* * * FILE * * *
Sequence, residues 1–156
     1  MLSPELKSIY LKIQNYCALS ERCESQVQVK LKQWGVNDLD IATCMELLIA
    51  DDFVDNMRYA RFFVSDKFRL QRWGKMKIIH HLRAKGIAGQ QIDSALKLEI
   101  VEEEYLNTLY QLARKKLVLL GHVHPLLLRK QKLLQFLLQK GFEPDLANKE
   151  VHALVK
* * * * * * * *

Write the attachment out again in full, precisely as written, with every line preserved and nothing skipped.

Sequence, residues 1–156
     1  MLSPELKSIY LKIQNYCALS ERCESQVQVK LKQWGVNDLD IATCMELLIA
    51  DDFVDNMRYA RFFVSDKFRL QRWGKMKIIH HLRAKGIAGQ QIDSALKLEI
   101  VEEEYLNTLY QLARKKLVLL GHVHPLLLRK QKLLQFLLQK GFEPDLANKE
   151  VHALVK